Publication - Research and analysis

Planning - the value, incidence and impact of developer contributions: research

Published: 9 Jul 2021

Independent research on section 75 planning obligations and other developer contributions mechanisms. The report brings together quantitative and qualitative evidence to inform our wider review.

Planning - the value, incidence and impact of developer contributions: research


Research Specification

The purpose of the research is to inform Scottish Government’s review of existing developer contributions mechanisms by bringing together evidence under two broad themes:

  • Quantitative: How much are existing mechanisms raising, what purposes are they being used for and how does this vary geographically?
  • Qualitative: How effective are existing mechanisms and what are the practical issues associated with their use?

The value of developer contributions

  • While every local planning authority responded to our questionnaire, data on planning obligations (and developer contributions more generally) were not recorded in a consistent way across planning authorities and in some cases authorities were unable to provide the detailed numbers we requested.
  • Some of the data problems we encountered were undoubtedly the outcome of Covid 19. Equally, the relevant 2019 Planning Act provisions about monitoring will enable the more fundamental issues about data to be addressed.
  • Based on the evidence we were able to collect, we estimate that in 2019/20 approximately £490 million worth of developer contributions were agreed, of which £310m was for affordable housing and £180m towards infrastructure.
  • In 2017/18 the equivalent figure for affordable housing (excluding commuted sums) was £251m and that for 2018/19 was £220m. Thus, the agreed contributions for affordable housing has increased by more than a third over the three-year period.
  • We are not able to provide estimates of the contributions to infrastructure for the two earlier years as the data were not available. The figures for 2019/20 were grossed up from the available data.
  • The value of developer contributions is concentrated in a relatively small number of areas. The five largest contributing authorities, all in the central belt, accounted for about 43% of agreed contributions towards affordable housing in 2019/20. This proportion had declined from around 50% in 2017/2018, suggesting that their use had become more widespread. With respect to infrastructure the proportion was around one third of the grossed-up figure.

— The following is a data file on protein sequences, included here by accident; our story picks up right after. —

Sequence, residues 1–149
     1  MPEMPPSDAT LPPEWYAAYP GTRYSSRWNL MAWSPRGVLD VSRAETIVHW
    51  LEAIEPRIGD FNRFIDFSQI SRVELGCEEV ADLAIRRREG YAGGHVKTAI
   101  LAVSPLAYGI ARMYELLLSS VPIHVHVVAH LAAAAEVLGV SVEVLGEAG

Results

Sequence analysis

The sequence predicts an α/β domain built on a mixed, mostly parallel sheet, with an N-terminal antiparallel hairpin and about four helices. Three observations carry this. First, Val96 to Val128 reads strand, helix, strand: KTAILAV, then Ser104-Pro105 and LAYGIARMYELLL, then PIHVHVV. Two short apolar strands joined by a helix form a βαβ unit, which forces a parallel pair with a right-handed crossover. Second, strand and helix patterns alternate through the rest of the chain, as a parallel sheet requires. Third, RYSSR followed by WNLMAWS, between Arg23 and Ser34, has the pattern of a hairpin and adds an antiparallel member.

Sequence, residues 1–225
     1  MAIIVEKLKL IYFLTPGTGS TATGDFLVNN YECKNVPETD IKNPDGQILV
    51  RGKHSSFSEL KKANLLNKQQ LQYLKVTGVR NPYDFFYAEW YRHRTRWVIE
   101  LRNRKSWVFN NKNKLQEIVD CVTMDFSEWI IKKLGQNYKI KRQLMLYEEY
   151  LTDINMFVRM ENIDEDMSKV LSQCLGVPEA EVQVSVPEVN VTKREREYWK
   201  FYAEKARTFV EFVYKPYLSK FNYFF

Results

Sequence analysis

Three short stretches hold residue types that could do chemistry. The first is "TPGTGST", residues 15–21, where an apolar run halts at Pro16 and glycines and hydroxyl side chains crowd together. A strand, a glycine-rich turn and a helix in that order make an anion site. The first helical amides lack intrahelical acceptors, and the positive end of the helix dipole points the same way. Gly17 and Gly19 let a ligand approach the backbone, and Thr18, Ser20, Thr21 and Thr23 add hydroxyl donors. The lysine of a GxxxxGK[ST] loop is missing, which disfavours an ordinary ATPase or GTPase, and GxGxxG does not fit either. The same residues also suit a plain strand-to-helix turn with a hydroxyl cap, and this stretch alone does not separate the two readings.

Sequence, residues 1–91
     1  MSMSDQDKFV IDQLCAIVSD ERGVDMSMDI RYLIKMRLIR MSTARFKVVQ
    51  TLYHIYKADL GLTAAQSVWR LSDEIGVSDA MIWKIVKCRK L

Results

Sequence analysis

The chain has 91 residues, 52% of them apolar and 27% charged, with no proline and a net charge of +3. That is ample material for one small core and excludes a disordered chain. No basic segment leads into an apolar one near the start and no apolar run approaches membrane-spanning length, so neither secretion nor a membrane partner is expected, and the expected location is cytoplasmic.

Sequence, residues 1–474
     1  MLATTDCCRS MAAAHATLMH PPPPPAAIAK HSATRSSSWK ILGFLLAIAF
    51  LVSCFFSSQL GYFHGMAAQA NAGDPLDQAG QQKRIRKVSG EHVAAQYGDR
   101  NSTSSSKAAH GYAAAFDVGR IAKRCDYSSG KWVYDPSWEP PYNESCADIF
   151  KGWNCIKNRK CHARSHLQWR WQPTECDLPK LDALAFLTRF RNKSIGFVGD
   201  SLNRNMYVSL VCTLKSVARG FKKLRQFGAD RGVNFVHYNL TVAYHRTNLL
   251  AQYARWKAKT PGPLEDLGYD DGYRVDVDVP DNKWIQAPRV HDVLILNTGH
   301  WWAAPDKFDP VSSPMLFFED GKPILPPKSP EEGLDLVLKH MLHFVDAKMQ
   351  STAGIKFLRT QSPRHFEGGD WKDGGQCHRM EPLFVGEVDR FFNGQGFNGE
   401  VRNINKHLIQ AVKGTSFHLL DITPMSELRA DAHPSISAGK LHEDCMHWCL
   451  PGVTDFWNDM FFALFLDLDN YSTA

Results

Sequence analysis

• In this group of 5 authorities, our estimates suggest that the affordable housing contributions accounted for perhaps 30% of the land value with planning consent and without contributions.
  • All these figures reflect the agreements made to provide contributions, not the amounts actually delivered. The evidence we received was that the vast majority of contributions agreed are subsequently delivered as long as the development goes ahead and is not subject to revised planning consents.
  • It is clear that, while the purpose of planning contributions is to mitigate negative impacts of development and so make the development acceptable, it is also a form of land value capture by which some part of the increased land value following planning permission is implicitly taxed.

The incidence of developer contributions

  • All but two planning authorities use developer contributions. However, the value of what is achieved is heavily concentrated in a few areas. Many authorities also make extensive use of planning conditions to secure in-kind contributions. Around 75% of authorities use developer contributions to secure affordable housing.
  • Affordable housing accounted for over 60% of the value of developer contributions. The vast majority of infrastructure contributions relate to education, transport, open space and leisure provision.
  • Most contributions contributed directly to the funding or in kind provisions of local authority or housing provider services. Where other service providers were involved the process was often more complex.
  • It was generally agreed by respondents that landowners ultimately pay the developer contributions through lower land values. However, while this is true in principle, in practice uncertainties and negotiation may mean that some costs are borne by other participants. Levels of policy certainty/clarity also have a bearing on the extent to which costs can be passed on to landowners in the form of lower prices.